Other events in the region had watched the weather front more closely and had evacuation plans prepared and in effect. Winds of up to 60mph were reported in the area. The festival site is very close to Chicago's O'Hare International Airport, so presumably excellent weather radar feeds were available for monitoring had the city elected to do so. The city claims to have had an emergency plan, but no sign of it being implemented was visible.
First Responders had to cut through the tent to get to people trapped under the wreckage. The remainder of the festival was cancelled after the weather passed, as police and ambulances came to treat the numerous injuries.
Lawyers for the family of Steven Nincic are filing an injunction to keep the tent site intact until a complete investigation can be completed, but many vendors and carnival ride owners have already packed-up and left. An attorney representing the family released a statement contending that “the true tragedy” is that incidents such as the tent upheaval “are not only potentially predictable,” but “preventable with prudent caution and control of events in the face of available meteorological information.” Attorney Louis C. Cairo said the weather and “the propriety of the tent materials and its installation” will be “litigated extensively.”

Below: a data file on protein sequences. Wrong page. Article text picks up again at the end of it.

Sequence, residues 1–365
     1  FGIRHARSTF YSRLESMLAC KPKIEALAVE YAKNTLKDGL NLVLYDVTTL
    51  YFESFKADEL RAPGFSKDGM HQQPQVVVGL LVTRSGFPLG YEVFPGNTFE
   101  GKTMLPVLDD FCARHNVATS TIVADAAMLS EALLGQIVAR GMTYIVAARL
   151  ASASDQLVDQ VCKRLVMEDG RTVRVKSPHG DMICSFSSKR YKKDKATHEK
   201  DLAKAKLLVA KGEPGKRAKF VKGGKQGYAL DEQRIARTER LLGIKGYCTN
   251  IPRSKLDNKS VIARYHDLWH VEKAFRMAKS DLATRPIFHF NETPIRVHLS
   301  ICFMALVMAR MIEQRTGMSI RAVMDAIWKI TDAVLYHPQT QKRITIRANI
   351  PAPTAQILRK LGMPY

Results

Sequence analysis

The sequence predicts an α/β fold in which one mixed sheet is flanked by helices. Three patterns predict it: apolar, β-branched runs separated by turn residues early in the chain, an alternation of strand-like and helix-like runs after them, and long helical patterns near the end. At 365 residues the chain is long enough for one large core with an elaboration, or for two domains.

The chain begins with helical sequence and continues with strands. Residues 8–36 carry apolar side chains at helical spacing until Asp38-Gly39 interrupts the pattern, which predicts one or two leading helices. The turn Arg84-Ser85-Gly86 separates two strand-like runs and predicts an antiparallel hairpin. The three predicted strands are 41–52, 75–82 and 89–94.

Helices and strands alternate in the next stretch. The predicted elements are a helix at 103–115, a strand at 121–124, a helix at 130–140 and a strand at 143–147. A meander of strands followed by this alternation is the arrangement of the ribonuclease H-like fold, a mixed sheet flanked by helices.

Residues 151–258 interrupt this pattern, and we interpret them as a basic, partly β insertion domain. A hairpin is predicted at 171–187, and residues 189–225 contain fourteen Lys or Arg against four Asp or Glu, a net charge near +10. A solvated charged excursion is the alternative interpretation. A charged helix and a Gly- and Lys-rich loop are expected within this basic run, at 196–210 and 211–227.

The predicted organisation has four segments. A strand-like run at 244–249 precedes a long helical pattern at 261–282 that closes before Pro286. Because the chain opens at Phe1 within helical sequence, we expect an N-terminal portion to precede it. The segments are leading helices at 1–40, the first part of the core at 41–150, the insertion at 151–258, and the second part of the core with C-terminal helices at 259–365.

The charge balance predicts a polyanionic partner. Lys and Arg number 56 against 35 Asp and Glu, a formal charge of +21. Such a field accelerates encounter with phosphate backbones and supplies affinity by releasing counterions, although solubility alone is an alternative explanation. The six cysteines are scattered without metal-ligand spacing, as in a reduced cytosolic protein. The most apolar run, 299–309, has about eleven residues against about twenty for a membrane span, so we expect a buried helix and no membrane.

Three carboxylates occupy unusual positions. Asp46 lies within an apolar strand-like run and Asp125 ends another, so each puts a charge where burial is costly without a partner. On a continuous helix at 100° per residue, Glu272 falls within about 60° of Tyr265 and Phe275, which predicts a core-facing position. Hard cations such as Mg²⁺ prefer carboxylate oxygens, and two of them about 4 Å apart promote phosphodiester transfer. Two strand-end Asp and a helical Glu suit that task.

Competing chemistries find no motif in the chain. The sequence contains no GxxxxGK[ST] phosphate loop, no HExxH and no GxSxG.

The city said that the tent was supplied by a vendor, and it had been inspected for electrical compliance, but not structural integrity. This blogger finds this information to be more of a smoke screen to deflect attention away from the lack of weather monitoring and assigning someone the authority to close-down the event and evacuate people to hard shelters. A safety plan, when implemented, reduces the need to rely on an emergency plan. Safety plans address issues before they get to the point of being an emergency.